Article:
Riding an ATV can be a fun way to get around in the state of West Virginia, but before you step on the gas, you will need to remember to put on a helmet.
All terrain vehicles are used for work and for play. In the mountain state, they are useful on different surfaces like grass, dirt and gravel. Riding one without proper training can be fatal, though. The number one way to prevent accidents is simple.
“The most important thing is to wear a helmet,” says Doug McDonald, an ATV safety instructor. “Anytime you ride, a helmet can reduce your risk of dying from an ATV accident as much as 75 to 80 percent.”
The WVU Safety and Health Extension hosts an ATV safety awareness course. Program coordinators say 19 people died in ATV crashes last year in West Virginia, which led the nation. Only one of those people was wearing a helmet.
Head, neck, and spine injuries are the most common, especially in children.
“We encourage them not to give in to peer pressure,” said McDonald. “If they’re not comfortable riding on a certain trail, certain area, don’t do it. That gets them into situations where they can have an accident and be seriously injured or even killed.”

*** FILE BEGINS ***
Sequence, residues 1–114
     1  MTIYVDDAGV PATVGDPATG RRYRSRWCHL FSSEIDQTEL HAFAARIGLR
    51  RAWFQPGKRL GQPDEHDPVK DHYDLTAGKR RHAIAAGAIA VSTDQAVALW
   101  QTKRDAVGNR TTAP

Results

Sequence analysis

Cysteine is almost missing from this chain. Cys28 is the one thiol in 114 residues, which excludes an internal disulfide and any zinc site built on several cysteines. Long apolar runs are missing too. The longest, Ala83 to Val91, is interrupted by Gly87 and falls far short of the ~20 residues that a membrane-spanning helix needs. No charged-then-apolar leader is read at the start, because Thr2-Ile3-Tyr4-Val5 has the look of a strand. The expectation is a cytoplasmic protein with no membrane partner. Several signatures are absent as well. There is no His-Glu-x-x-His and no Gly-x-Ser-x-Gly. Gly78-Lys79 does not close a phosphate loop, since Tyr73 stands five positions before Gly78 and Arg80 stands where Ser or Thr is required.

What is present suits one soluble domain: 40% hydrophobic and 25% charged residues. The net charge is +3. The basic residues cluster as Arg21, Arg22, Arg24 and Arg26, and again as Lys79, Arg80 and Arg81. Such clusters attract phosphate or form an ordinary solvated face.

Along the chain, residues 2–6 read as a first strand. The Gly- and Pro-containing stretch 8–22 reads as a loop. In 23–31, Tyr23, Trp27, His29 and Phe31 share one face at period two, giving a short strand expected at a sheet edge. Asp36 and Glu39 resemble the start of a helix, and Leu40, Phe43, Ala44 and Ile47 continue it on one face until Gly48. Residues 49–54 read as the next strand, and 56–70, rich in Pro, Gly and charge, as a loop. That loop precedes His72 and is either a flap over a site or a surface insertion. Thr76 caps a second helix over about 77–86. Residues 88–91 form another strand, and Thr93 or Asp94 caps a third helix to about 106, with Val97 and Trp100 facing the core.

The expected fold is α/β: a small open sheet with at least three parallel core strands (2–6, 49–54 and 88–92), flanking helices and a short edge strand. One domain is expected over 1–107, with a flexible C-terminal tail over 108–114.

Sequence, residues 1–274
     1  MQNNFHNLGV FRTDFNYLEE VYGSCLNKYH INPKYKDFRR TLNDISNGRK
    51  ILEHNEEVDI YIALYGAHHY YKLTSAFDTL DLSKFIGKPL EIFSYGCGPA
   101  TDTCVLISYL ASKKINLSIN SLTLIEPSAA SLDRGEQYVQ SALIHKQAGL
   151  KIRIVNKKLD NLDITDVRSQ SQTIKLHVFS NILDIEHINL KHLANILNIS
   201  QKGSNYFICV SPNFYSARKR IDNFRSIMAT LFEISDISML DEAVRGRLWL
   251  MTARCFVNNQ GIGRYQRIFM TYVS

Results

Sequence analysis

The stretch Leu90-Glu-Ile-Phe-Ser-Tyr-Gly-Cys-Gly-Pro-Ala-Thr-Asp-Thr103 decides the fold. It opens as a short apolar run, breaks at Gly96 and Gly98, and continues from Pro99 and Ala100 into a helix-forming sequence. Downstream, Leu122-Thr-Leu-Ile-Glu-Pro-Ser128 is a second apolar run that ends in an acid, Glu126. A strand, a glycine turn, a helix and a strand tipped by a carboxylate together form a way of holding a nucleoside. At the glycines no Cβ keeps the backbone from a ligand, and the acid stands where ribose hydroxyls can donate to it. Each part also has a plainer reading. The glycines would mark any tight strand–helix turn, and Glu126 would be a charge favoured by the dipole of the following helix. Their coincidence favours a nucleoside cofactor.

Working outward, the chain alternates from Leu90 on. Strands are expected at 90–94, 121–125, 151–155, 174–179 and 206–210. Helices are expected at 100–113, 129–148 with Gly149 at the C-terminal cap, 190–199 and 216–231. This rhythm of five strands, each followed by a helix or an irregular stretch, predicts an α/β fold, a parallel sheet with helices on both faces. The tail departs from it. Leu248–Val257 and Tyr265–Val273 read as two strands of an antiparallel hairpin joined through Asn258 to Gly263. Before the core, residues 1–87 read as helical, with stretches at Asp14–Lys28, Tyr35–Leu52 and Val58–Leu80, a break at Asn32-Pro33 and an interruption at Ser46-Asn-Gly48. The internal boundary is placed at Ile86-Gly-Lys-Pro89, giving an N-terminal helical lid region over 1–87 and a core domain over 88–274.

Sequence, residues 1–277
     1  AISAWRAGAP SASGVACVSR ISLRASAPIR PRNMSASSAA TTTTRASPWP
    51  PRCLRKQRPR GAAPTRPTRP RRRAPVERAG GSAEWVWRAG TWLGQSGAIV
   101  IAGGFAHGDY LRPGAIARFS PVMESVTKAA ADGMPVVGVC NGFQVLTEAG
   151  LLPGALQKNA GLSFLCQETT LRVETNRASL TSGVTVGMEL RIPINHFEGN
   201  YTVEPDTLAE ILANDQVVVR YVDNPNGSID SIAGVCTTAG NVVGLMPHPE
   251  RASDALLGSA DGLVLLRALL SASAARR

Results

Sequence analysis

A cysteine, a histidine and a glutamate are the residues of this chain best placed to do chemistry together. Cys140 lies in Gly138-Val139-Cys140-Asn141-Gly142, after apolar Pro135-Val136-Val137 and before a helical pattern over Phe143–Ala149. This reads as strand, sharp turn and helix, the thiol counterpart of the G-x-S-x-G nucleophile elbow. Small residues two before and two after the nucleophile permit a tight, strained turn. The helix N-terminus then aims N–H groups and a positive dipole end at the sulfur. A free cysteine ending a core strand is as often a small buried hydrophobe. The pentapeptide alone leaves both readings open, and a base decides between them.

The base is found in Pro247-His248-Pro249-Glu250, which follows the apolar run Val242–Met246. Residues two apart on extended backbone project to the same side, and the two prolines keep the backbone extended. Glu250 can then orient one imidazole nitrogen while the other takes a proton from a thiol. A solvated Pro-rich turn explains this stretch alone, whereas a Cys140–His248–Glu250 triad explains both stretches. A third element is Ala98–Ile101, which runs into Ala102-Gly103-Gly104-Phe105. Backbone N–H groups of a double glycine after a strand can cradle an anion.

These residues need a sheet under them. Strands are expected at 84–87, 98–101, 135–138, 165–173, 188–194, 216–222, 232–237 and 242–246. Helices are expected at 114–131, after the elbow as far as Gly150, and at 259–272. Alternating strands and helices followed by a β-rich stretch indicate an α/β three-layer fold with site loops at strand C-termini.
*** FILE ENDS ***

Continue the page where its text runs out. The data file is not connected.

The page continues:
This safety course cites most ATV accidents on public paved roads, but West Virginia laws allow that. Many other states do not.
“The ATVs aren’t meant for the roadways, they’re meant for off-roading and they’re meant to go off into the woods and that type of thing so they’re not built for the road,” said Lt. Leroy Forbes of the Granville Police Dept.
Lt. Forbes said people should only ever cross a paved road.
Wearing long sleeves and eye protection can also reduce injuries, and you should always ride at a safe speed on designated trails.